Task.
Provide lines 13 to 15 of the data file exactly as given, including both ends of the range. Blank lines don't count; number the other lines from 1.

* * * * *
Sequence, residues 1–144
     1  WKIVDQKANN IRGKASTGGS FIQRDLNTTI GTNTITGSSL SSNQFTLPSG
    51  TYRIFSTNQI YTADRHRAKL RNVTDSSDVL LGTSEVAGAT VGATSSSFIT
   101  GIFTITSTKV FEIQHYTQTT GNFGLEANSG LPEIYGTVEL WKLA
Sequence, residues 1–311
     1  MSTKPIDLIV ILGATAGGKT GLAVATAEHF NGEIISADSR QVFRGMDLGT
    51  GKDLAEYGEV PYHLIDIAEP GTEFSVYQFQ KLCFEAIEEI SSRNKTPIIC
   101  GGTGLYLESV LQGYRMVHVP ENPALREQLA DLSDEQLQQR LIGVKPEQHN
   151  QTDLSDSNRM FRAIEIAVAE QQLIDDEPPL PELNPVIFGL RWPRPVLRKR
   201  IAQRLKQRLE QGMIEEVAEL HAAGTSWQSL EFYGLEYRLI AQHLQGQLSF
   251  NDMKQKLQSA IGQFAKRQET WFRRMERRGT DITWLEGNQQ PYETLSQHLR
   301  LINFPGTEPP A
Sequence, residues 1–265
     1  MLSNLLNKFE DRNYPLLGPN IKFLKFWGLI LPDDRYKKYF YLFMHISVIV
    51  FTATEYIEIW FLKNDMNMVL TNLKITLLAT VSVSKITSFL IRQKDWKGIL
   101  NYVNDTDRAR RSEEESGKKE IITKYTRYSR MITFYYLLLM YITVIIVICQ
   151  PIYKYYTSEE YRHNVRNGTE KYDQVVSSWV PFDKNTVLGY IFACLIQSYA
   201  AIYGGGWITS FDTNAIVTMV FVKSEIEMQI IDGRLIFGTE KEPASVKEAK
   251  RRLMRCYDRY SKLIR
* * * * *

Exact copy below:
Sequence, residues 1–265
     1  MLSNLLNKFE DRNYPLLGPN IKFLKFWGLI LPDDRYKKYF YLFMHISVIV
    51  FTATEYIEIW FLKNDMNMVL TNLKITLLAT VSVSKITSFL IRQKDWKGIL